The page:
Testo_875iThe ideal strategy for using thermal imaging in a preventative maintenance schedule is the comprehensive understanding of the operating environment and the conditions components are under in everyday operation. A thermal imaging camera can be used to capture and log the process and its components. Thermal survey reports can be created as a reference showing temperature profiles in normal operation and subsequent anomalies can be compared with the reference reports to aid decision making in a condition-based assessment.

Similarly in a predictive maintenance schedule which involves the monitoring of wear conditions and equipment characteristics against a predetermined tolerance to predict possible failures. The regular use of thermal imaging can highlight when certain tasks are needed, rather than wait for the allotted time on a fixed schedule. If a bearing begins to show signs of operating at a hotter than expected temperature, lubrication can be applied to remedy the situation.

The key to the successful use of thermal imaging is in determining basic parameters so that when abnormal conditions are encountered they can be easily detected, analysed and remedied. This means establishing operation criteria as part of the original acceptance inspection or following a planned maintenance overhaul when everything is operating within expected tolerances. By reviewing these images against the reference images, more effective decisions can be made about repairing or replacing components.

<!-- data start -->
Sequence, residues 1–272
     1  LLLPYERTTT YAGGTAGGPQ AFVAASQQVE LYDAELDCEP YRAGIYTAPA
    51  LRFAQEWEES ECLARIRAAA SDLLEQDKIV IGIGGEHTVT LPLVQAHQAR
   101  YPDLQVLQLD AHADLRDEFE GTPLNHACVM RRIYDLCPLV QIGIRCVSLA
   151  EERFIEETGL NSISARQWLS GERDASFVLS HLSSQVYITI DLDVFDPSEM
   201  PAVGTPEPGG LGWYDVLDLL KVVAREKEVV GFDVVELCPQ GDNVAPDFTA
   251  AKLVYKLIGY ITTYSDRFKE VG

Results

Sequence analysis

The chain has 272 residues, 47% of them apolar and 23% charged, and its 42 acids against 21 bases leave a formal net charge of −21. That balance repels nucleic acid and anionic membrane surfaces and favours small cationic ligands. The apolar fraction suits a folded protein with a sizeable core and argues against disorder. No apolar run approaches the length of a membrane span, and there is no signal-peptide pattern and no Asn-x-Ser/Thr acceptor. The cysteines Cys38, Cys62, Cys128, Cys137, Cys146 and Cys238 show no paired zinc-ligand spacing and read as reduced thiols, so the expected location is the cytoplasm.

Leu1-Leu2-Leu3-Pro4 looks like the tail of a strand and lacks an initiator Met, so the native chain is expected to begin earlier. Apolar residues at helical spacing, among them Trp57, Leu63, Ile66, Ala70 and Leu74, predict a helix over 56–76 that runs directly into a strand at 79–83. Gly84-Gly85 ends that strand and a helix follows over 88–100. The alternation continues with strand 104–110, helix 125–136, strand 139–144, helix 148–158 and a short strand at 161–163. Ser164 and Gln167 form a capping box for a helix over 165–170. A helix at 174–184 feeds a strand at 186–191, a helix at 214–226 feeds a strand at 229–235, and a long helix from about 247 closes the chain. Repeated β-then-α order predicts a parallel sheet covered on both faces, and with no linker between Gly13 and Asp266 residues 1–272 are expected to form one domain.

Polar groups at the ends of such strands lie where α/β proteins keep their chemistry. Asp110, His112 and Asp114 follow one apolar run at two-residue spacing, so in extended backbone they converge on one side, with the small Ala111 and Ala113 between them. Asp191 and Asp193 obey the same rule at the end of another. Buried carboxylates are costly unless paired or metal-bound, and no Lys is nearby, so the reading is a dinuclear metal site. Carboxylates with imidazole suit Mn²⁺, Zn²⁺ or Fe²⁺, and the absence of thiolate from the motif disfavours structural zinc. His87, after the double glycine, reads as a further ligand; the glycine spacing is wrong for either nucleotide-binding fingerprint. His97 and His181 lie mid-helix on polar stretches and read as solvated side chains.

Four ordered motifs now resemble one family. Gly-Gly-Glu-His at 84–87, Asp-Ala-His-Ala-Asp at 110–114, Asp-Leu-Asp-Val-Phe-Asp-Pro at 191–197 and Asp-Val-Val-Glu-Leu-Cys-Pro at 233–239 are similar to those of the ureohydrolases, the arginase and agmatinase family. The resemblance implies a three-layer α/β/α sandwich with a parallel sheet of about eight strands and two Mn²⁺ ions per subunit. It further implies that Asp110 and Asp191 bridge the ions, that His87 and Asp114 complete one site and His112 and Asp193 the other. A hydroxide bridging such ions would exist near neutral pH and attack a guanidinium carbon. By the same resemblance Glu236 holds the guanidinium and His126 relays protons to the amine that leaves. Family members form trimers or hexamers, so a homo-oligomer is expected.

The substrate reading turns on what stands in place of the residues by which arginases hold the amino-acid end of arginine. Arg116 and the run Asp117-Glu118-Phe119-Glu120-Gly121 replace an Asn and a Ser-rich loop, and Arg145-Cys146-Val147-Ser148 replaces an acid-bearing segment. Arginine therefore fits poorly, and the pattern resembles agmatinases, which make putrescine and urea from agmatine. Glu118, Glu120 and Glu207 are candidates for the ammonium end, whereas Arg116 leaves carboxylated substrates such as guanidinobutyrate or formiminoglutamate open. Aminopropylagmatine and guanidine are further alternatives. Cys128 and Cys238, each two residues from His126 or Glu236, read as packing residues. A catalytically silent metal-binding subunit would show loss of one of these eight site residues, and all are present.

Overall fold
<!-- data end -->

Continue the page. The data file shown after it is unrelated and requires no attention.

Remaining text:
The adoption of increasingly accessible thermal imaging technology (as described) will lead to cost savings through reduced maintenance hours, increased plant operating efficiency and allow the more effective operation of maintenance engineers.

Visit the Testo Limited website for more information on our full range of Thermal Imaging cameras.

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Posted on June 25, 2014, in Facilities Maintenance, Facilities management, FM, Food, Infrared, Latest News, News, Thermal Imaging, thermography and tagged , , , , , , , , , , . Bookmark the permalink. 1 Comment.

  1. Wow! Great article! I never thought thermal imaging cameras could be so useful in the food processing industry. Thank you for sharing this information!